State and local officials in East Palestine, Ohio, filmed a video of themselves drinking the village's water in an effort to assure residents it was safe following a catastrophic train derailment earlier this month.
Residents have expressed concerns that their water was polluted after Norfolk Southern vented and burned vinyl chloride gas that was being hauled by the train.
The water-drinking video was posted as part of a visit to the village by Ohio's Lieutenant Governor John Husted. He posted the clip to his Twitter feed.
Mr Husted, along with Ohio EPA Director Anne Vogel, Fire Chief Keith Drabick, police chief James Brown, Mayor Trent Conaway, and local Congressman Bill Johnson, filled their cups from a faucet and drank the water.
"The water is safe and they are working around the clock to keep it that way," Mr Husted wrote alongside the video.
On Tuesday, Ms Vogel confirmed that samples from East Palestine water sources had been sent to multiple labs for testing, and all found no evidence of volatile organic compounds in the village's water.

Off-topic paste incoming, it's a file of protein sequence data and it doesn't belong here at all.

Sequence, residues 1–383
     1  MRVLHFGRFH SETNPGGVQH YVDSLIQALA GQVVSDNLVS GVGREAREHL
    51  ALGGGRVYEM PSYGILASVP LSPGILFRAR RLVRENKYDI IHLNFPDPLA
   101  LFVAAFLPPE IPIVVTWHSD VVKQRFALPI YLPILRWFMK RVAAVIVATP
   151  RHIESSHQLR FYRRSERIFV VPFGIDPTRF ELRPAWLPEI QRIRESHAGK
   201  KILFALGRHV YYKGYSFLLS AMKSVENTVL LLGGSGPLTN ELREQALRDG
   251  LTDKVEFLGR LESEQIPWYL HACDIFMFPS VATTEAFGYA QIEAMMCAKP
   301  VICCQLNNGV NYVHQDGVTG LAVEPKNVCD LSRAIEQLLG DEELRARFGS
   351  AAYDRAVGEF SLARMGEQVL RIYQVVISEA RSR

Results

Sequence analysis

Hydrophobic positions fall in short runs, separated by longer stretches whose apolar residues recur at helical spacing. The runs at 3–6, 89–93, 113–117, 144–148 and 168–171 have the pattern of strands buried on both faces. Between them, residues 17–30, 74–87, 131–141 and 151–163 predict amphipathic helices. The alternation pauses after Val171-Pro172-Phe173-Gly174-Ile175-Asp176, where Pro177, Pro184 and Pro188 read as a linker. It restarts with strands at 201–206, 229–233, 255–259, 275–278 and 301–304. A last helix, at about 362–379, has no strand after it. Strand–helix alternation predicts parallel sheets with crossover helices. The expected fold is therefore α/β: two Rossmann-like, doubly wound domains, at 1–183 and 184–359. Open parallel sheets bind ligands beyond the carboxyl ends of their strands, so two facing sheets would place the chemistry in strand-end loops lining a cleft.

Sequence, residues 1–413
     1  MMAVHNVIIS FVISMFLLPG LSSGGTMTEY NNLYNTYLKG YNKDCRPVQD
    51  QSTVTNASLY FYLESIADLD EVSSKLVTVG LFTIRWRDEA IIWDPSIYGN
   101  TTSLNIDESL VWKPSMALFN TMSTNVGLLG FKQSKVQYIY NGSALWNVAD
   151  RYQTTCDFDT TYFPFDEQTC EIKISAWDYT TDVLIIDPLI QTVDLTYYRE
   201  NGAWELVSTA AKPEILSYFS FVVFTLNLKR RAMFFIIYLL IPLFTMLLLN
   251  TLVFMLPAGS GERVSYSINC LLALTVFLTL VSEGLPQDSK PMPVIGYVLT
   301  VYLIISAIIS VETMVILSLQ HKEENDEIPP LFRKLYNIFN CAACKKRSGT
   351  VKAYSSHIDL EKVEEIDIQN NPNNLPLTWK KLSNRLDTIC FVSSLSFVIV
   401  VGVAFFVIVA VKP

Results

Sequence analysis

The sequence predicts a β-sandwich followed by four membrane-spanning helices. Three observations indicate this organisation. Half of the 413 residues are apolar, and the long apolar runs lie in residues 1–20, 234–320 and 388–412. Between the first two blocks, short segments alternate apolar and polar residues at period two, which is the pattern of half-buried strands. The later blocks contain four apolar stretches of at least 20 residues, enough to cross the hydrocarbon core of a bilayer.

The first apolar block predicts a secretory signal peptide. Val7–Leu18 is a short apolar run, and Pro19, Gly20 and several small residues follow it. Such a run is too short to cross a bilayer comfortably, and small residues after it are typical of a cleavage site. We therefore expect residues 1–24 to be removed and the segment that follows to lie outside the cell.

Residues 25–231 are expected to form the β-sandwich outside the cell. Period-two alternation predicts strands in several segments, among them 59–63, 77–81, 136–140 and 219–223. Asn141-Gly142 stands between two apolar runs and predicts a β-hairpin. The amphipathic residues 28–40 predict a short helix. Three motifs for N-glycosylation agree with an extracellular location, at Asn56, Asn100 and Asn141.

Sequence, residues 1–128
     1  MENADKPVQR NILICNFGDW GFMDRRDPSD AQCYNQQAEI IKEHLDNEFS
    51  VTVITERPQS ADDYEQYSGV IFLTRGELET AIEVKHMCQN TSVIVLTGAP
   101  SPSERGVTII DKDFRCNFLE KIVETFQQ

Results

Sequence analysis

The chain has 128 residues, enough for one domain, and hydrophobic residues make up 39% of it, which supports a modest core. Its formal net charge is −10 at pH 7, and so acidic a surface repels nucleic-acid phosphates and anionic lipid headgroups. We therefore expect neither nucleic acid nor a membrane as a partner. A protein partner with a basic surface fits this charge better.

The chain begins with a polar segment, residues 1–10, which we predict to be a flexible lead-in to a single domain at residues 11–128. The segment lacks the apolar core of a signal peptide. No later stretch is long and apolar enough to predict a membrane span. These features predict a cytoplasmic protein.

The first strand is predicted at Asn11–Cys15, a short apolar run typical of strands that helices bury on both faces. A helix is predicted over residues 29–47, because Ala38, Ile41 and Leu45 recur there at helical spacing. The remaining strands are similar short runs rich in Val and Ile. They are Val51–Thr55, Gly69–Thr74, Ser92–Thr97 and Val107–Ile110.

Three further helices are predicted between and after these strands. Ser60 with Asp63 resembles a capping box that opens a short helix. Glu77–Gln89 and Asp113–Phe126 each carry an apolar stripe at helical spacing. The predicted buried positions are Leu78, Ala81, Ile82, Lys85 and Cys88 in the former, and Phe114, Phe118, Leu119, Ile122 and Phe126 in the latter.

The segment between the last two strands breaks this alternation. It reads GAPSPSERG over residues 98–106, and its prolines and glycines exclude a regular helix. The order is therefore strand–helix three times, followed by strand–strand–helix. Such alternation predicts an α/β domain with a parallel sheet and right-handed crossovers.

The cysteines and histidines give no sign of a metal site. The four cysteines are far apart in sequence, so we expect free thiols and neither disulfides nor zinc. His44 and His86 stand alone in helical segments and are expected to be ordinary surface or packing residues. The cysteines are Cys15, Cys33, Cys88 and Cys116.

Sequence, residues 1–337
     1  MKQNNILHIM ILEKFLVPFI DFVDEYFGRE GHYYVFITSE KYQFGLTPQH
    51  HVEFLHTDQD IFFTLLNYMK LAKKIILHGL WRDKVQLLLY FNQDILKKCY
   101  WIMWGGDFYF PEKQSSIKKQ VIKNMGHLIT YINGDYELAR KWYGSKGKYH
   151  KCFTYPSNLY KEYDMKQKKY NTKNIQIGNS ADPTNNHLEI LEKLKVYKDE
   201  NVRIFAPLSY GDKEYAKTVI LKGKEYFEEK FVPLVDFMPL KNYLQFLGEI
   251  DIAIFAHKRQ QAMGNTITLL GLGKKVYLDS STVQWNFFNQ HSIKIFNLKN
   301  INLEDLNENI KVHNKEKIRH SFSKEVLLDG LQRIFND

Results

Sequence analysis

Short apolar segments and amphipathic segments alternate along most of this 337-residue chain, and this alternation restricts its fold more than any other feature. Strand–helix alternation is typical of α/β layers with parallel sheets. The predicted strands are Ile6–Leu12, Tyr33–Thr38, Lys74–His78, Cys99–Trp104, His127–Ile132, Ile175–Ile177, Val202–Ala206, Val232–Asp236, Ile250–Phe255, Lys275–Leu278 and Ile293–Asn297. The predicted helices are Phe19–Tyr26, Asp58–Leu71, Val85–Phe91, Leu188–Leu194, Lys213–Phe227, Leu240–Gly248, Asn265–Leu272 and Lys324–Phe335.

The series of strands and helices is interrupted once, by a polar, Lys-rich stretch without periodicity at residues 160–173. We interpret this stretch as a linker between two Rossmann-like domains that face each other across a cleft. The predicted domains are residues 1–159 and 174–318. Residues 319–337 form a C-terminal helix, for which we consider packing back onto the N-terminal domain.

Ohio Governor Mike DeWine said during a Monday press conference that village residents who get their water from private wells should continue to drink bottled water until they've had their water tested.
The EPA also announced on Tuesday that it was taking over the clean-up operation in East Palestine, and that it has placed a binding order on Norfolk Southern to force the company to continue its efforts to rectify the damage caused by the accident.
Under the EPA's direction, Norfolk Southern will be forced to stay in East Palestine and conduct clean-up operations under penalty of fine.
Prior to the order Norfolk Southern was voluntarily cleaning up the accident site.
Both Mr DeWine and Pennsylvania Governor Josh Shapiro have committed to keeping state resources in the region, and to ensuring that Norfolk Southern foots the bill for the work that needs done to ensure the village is safe for residents.
In the meantime, the National Transportation Safety Board is still investigating the cause of the accident.
US Transportation Secretary Pete Buttigieg warned that fines and additional regulatory and punitive measures were likely in the wake of the accident.
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